The City Naturalist

City Naturalist

Mallard Duck

Article and Photos by Leslie Day

MALLARD DUCK (Anas Platyrhynchos from Latin Anas (duck) and from Greek Platys (broad or flat) and rynchos (beak).) "Mallard" relates to maleness from Old French "Wild drake" from masle: male.

OTHER NAMES: Common Mallard; common wild duck; curly-tail; domestic duck; English duck; French duck; gray duck; gray mallard; greenhead and stock duck.

DESCRIPTION: Mallards are known as "surface feeding" ducks because they dip and dabble in the shallows of fresh and salt water marshes. They do not usually dive below the surface, except that young birds or molting (flightless) adults sometimes dive to avoid danger. Mallards are agile fliers who can take off almost vertically. The Mallard is a wide ranging duck and it is the most abundant duck in the Mississippi Valley. Its numbers are increasing in the East.

Riverside Park: 79th Street Boat Basin
Central Park: The Harlem Meer (110th Street and Lenox Avenue) or The Lake (West 72nd Street)

DESCRIPTION: The male can be recognized by its distinctive glossy green head, white neck band and rusty colored breast. The female is a mottled brown. Both sexes share a blue speculum (a bright blue rectangle of color) and a white bar on both sides at the hind end of the wing where it joins the body. The male has very curly tail feathers and bright orange feet. Mallards can range in size from 20-28 inches long with a wingspan reaching between 30 and 40 inches. The male is larger than the female. This is most noticeable when they are out of the water.

RANGE: The mallard is the best known and possibly most abundant wild duck in the Northern Hemisphere. Its North American population is nearly 9 million. In summer the mallard can be seen throughout Alaska and much of Canada and northern United States. Nesting takes place primarily in the prairie provinces of Canada. The Mallard winters as far north as there is open water. It generally avoids salt water and prefers any shallow body of fresh water. Occasionally they are seen in shallow protected marine waters such as the 79th Street Boat Basin on the Hudson River. Large numbers of mallards congregate at the Marina during the winter because of winter feeding by Boat Basin residents and park visitors.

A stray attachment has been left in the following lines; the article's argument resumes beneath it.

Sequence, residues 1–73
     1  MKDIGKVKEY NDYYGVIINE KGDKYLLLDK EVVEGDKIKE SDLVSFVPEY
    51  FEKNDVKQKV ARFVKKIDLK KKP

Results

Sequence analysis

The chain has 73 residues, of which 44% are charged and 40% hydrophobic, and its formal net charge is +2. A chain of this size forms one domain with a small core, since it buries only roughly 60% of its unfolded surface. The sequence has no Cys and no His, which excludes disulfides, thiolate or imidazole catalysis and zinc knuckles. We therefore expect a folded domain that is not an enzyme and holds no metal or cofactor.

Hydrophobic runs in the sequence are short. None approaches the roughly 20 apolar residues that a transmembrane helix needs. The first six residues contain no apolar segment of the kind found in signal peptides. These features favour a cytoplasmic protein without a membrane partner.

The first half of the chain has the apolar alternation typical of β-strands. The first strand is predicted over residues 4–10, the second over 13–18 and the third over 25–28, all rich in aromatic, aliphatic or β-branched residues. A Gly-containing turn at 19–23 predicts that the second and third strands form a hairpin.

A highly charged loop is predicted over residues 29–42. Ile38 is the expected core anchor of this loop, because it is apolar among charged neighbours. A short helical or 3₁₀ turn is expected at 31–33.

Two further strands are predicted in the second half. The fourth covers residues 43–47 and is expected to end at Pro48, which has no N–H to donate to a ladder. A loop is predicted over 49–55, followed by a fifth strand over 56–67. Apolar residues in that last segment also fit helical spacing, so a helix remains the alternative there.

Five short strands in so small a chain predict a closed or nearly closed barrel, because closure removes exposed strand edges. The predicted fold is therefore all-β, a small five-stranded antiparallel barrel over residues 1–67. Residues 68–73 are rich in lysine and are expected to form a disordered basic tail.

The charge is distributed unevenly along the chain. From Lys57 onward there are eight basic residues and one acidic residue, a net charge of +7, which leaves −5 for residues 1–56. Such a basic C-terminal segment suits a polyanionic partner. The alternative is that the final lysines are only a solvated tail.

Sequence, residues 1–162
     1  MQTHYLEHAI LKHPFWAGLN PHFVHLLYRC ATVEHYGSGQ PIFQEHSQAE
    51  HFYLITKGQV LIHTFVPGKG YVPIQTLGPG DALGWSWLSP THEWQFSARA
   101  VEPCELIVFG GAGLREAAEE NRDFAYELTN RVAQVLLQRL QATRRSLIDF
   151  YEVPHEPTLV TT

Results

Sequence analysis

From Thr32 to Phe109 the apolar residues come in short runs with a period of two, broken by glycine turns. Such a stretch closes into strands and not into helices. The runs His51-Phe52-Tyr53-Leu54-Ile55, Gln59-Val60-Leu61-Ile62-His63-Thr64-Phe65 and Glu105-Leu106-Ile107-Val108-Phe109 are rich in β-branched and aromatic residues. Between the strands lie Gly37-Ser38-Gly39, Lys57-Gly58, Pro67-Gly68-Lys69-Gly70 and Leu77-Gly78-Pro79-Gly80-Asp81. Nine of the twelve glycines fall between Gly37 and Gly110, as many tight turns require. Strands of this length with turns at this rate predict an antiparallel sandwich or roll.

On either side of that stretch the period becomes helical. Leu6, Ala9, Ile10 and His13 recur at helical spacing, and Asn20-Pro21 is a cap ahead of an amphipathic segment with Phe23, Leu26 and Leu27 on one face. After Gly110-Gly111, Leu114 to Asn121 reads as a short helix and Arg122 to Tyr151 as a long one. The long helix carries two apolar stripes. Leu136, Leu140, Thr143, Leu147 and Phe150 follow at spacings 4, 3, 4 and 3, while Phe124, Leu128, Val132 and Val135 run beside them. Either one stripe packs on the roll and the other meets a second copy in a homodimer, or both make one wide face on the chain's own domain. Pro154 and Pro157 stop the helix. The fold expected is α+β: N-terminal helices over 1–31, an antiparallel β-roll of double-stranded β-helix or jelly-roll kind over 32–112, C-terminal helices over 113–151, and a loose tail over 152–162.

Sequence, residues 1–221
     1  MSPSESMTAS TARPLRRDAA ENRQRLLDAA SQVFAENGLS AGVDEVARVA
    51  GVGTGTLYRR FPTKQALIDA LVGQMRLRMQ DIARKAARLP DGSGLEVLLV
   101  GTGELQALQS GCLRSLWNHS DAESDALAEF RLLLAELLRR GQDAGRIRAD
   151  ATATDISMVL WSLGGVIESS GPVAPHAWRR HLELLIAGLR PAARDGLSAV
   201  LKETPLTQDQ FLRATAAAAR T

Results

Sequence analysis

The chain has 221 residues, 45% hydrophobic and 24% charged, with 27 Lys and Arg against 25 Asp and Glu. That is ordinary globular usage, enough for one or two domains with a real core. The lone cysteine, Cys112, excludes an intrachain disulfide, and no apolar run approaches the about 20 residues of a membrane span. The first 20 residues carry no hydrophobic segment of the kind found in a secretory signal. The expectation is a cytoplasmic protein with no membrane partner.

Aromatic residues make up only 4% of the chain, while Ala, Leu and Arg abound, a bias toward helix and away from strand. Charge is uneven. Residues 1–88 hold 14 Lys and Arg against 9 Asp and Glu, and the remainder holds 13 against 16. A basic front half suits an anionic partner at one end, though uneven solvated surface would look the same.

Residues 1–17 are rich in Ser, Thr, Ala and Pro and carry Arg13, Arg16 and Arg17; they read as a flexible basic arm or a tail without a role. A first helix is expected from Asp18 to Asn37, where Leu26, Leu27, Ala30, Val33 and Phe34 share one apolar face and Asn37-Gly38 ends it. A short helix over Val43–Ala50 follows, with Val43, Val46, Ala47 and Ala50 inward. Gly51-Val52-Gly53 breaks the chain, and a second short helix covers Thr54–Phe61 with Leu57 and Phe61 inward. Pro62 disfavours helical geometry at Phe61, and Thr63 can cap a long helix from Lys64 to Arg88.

NESTING AND BREEDING: In March and April the Mallard begins its migration northward towards its breeding grounds, which are typically in the numerous lakes of the prairie provinces of Canada or northern United States. It may nest as early as February along the Pacific Coast where it is warmer. The nest is usually built on the ground among dead grasses, reeds, edges of lakes, reservoirs, on muskrat houses, in marshes or marshy ground and sometimes far form the water on higher ground. They also nest among dense stands of phragmites reeds, on islands or bulrushes of swampy creeks, or even in the hollow of a tree.

EGGS: The female produces between 8 and 10 light green eggs which she incubates for 30 days. The ducklings are lead to water as soon as their soft, downy feathers are dry and they first fly about 2 months after hatching. The residents of the 79th Street Boat Basin and Riverside Park Visitors are fortunate to witness a series of new hatchlings each year from May into July.

FEEDING HABITS: The mallard feeds by "tipping up" and reaching below the surface with its bill in the shallows of ponds, lakes, streams and swamps. Mallards can feed anywhere that water is a foot or two deep, although they can reach for food in deeper water if necessary. Mallards are primarily vegetarians who eat various seeds including corn, wheat, barley, bulrushes, wild rice, primrose, willow, seeds of water elm, oak, hackberry and other trees of swamps or river bottoms. Mallards will also eat some mollusks, insects, small fish, tadpoles, freshwater snails and fish eggs.


About Leslie Day | For Further Information

Copyright © 1996-2012 The 79th Street Boat Basin Flora and Fauna Society.